I think we should stay stick with LTS releases (one main release per year) and provide support only for that specific LTS. I think this is what most of the market will do in the future. As we are seeing with Java 9, it's nearly impossible to adapt Wicket to the "next" Java without cutting deprecated technologies or without adapting to the new behavior of Java standard libraries (like date time).

On 16/04/2018 11:52, Martijn Dashorst wrote:

With the new release schedule of Java where they will (have)
release(d) Java 9, 10 and 11 in one year, what will we do with
Wicket's dependency on Java?

Will we move with the Long Term Support versions? AFAIK this will
require us to upgrade every year to a new major version.

Or will we stay with LTS-- as our major supported Java version?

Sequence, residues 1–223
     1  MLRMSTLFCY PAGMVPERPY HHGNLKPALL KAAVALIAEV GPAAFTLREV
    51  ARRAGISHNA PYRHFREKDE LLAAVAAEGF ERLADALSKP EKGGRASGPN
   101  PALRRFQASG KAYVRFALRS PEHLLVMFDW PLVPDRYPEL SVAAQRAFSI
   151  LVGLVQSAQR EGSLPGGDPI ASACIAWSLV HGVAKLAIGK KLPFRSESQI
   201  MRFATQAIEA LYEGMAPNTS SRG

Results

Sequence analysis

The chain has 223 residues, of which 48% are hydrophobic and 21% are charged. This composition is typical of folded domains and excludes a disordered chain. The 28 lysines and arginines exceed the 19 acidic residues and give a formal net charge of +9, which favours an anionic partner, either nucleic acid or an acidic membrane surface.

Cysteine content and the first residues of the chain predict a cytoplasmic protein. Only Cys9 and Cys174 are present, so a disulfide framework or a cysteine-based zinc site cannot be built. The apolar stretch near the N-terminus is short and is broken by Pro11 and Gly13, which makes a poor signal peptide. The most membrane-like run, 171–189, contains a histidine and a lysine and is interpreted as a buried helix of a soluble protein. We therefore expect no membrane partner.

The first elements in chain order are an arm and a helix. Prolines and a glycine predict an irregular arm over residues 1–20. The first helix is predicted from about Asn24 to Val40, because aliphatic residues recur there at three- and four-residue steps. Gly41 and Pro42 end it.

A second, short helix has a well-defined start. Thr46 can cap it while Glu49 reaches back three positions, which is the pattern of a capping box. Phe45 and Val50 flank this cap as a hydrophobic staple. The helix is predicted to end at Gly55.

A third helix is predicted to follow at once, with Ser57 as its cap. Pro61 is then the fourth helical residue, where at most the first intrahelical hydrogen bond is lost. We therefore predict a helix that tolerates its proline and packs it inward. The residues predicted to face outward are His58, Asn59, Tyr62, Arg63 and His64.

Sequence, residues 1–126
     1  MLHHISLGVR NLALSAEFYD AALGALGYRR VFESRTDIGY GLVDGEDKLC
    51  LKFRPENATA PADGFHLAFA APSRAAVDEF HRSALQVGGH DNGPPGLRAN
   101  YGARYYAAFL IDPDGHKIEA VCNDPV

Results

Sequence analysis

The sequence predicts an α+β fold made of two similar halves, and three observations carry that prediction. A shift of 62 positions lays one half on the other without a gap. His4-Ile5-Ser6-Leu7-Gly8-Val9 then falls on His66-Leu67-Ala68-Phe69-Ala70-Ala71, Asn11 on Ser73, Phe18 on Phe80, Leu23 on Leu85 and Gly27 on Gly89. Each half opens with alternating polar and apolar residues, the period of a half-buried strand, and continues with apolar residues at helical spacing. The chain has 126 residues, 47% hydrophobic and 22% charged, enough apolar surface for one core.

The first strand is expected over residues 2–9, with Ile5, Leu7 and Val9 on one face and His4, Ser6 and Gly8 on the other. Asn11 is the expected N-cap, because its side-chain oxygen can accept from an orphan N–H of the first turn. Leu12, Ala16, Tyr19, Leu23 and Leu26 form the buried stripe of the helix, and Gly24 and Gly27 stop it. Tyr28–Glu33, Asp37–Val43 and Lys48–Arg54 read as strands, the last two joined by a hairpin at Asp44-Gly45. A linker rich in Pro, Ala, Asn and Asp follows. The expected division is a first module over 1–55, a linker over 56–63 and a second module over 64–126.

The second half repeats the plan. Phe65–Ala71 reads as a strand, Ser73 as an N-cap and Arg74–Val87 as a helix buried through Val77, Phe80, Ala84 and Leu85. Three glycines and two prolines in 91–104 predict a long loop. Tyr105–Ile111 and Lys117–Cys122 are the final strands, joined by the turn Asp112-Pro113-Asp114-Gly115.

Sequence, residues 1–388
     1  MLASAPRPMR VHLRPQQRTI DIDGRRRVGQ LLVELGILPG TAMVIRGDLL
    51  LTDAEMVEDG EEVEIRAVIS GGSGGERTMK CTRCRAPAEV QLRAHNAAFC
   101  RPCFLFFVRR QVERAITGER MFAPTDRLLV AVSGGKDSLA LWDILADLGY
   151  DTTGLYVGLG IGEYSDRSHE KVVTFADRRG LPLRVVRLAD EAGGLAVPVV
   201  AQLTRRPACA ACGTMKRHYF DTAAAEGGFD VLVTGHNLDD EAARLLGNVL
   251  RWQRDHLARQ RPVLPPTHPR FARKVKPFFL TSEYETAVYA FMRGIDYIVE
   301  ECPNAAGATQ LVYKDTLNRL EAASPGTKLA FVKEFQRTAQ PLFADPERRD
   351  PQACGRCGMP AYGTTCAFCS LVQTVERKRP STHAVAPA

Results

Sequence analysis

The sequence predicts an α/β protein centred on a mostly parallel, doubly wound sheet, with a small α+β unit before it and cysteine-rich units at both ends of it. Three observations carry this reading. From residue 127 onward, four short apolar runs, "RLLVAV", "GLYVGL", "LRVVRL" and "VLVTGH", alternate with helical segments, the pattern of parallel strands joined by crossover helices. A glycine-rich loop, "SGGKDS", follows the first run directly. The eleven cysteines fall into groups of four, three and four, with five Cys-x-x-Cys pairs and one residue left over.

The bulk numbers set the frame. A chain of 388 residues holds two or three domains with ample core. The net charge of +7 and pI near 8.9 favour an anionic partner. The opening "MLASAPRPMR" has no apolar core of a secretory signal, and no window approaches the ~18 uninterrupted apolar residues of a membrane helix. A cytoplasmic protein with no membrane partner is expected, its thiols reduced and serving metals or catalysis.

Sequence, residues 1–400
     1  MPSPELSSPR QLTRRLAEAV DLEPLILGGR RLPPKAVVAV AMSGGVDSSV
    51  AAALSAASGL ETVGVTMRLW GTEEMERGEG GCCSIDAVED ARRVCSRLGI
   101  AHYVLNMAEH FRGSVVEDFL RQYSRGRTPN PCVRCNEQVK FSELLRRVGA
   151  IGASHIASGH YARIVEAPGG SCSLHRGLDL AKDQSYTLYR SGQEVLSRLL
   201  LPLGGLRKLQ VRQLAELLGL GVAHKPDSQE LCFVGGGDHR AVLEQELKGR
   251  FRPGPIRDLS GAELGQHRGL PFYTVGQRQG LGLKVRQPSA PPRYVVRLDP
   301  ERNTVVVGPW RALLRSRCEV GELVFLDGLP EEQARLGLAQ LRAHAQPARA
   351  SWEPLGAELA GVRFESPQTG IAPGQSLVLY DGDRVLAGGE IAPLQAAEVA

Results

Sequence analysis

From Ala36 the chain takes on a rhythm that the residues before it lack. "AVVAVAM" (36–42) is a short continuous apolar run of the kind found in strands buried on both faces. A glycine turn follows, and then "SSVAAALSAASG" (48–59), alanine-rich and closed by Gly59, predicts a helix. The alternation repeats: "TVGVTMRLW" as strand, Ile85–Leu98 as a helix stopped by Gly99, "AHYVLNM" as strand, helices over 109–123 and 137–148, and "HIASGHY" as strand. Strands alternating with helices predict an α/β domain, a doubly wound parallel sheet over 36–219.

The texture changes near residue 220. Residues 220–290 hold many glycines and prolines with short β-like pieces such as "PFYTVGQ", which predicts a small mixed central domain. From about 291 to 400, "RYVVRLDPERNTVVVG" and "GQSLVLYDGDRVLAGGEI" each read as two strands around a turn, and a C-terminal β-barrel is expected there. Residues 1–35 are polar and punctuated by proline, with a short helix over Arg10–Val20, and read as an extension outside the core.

If so, how do we work with deprecated technologies that we (or our
dependencies) use when they get removed, or Wicket plain stops working
on Java 10 (or Java 11), or stops building on one such version?

In the long run, I don't think it is possible for us to align Wicket
versions with major Java versions as we could in the previous years:

- wicket 1.5 -> Java 5 (actually Wicket 1.4, but who's counting)
- wicket 6 -> Java 6
- wicket 7 -> Java 7
- wicket 8 -> Java 8

would the next major version of Wicket be 11?

- wicket 11 -> Java 11?


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